The Government will claim that unemployment is essentially created by the trade union movement and the working class. We have repeatedly heard tonight that workers ask for too high wages. That is not true. The Secretary of State for Industry was in California not long ago telling companies to come to Britain and reap the benefits of cheap labour. He did not use those words, but that was the implication. How does that square with what has been said tonight? The EEC concedes that wage rates in this country are poor. Our standard of living is lower than even Italy's. The problem lies not with the working people but with the greedy bosses. During the boom they reaped vast profits, but they did not invest in new plant and factories. They chased the fast buck. They exported capital to various parts of the world, investing in dubious projects, which did not help our economy. We can see the results, particularly in Scotland, where 40 per cent. of factories are pre-war, some dating back to before the First World War.

It is wrong to generalise. We have efficient and up-to-date industries. However, over a long period the lack of investment has meant that German, French and other European countries have taken a larger share of world trade, because they are more efficient. It is therefore ironic that the CBI has announced that there will be a cut in investment in manufacturing industry of not less than 47 per cent. this year.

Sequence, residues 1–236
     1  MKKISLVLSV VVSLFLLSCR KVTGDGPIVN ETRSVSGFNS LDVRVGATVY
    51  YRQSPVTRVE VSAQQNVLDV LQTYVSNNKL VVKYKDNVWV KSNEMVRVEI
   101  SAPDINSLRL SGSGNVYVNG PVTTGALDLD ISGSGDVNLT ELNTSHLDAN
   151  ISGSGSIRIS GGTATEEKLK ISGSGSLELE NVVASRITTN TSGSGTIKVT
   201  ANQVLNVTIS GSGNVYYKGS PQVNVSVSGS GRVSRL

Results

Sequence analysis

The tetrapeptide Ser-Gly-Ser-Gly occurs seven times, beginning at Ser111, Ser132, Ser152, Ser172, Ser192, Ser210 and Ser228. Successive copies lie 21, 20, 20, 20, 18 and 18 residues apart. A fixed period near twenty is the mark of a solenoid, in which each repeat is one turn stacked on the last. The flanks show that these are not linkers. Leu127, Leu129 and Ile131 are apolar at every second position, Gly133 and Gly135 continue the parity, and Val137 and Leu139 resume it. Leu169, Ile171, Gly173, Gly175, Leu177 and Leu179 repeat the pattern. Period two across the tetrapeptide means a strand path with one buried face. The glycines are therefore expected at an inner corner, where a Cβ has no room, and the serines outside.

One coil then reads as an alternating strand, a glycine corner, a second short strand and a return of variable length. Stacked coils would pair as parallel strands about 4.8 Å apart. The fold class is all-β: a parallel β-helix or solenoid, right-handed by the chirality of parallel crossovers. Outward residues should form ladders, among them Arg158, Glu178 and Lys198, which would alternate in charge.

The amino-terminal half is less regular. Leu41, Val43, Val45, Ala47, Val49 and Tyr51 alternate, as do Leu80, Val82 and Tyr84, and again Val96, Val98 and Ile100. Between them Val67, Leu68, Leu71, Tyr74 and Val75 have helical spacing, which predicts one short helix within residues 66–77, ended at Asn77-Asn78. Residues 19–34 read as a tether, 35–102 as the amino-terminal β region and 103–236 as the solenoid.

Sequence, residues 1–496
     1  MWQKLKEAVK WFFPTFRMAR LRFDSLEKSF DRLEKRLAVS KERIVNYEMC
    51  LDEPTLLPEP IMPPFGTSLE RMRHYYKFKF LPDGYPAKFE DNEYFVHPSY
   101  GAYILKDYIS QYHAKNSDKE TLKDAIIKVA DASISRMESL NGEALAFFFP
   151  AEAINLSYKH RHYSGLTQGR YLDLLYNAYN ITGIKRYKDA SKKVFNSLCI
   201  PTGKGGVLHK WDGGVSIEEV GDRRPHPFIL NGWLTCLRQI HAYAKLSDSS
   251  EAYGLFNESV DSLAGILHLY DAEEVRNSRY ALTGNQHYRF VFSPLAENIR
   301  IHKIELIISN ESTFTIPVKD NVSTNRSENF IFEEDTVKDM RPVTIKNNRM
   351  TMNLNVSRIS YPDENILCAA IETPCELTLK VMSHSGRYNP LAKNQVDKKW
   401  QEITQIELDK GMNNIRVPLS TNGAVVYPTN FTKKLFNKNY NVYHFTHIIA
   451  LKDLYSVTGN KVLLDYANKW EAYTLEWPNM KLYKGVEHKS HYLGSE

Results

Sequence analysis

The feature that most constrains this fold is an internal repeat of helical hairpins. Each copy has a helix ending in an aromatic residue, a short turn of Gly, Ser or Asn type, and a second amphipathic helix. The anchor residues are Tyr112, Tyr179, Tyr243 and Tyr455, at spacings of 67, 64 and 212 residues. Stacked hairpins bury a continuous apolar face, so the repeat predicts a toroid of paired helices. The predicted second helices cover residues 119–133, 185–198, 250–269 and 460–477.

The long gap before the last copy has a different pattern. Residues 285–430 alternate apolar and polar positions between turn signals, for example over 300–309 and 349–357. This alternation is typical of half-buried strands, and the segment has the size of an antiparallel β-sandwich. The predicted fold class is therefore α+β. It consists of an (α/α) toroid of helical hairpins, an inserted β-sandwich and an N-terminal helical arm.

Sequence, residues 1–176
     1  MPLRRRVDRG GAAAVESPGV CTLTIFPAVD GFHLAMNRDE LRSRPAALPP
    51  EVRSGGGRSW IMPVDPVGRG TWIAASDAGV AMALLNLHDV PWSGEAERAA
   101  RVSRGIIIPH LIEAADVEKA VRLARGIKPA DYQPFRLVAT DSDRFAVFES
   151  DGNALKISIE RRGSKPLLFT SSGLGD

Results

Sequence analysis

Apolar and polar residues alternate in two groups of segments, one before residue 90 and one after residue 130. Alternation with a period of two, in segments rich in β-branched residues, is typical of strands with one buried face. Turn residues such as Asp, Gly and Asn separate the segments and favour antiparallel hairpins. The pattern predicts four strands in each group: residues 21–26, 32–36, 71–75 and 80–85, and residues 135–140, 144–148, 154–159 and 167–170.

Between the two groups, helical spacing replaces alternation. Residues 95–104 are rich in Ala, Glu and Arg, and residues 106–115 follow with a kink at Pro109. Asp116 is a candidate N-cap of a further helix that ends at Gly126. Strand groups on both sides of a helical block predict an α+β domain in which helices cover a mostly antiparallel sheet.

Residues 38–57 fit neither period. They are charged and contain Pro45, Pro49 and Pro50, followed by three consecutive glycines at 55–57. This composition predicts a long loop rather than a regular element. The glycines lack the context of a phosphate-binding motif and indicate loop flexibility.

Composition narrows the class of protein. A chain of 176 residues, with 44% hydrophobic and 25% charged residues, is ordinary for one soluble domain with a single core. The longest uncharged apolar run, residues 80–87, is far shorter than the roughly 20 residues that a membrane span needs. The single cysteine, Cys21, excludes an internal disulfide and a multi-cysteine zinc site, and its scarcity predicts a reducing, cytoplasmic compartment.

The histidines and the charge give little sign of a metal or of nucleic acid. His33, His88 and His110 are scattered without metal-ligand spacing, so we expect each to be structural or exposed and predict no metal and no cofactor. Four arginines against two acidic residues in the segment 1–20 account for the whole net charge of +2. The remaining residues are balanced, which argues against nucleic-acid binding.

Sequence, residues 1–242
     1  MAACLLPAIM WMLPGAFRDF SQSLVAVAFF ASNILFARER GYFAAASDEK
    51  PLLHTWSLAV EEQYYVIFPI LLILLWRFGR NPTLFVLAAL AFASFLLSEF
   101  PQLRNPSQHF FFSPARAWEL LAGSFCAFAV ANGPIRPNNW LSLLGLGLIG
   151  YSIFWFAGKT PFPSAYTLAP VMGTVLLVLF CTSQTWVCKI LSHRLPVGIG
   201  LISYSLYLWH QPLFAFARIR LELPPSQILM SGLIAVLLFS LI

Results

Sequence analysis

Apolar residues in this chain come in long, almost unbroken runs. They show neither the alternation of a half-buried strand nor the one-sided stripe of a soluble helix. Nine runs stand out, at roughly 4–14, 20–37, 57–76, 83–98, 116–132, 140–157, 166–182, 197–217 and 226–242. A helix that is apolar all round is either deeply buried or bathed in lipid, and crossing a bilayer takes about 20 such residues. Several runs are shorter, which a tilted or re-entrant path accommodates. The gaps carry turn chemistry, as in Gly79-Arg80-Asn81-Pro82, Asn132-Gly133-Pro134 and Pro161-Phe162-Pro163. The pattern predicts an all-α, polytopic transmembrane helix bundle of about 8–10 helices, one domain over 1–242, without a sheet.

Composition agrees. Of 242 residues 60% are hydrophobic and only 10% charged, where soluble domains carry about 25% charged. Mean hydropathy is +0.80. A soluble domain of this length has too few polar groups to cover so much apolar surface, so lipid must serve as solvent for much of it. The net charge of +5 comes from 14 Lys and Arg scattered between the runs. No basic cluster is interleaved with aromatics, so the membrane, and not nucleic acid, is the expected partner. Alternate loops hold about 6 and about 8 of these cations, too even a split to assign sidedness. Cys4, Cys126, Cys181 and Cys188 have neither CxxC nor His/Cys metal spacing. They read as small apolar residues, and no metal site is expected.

The world economic crisis puts economics to the test. The situation will be much worse than in the' thirties, when Britain had the advantage of guaranteed markets in the old empire and the benefits of raw materials from those countries. That has all gone. We are now tied to the Common Market, which is not working for this country, especially for working-class people. The balance of trade is to our disadvantage.

We can see throughout the country the results of the Government's economic policy. About £5 billion of goods are stockpiled, and about 62 per cent. of industry is working below capacity, which increases unit costs. The only boom is in producing weapons to kill people, and not in saving lives or developing equipment and an environment to help people. The idea is that it is important to invest in armaments. That is illogical, as is the whole capitalist system. It has also been proved to be inefficient.

Working people want to work, and they want to buy goods, but they are prevented from doing so. The Government must accept responsibility. The Labour movement should take up the cudgels. We should encourage the trade union movement to fight for basic demands, such as a 35-hour week, work-sharing instead of redundancies, a guaranteed wage and more apprenticeships. The achievement of those objectives would not cure all our problems, but it would help in the struggle against unemployment. There must be mass demonstrations and rallies against the Government. We need an early election. The Government have no mandate to destroy living standards.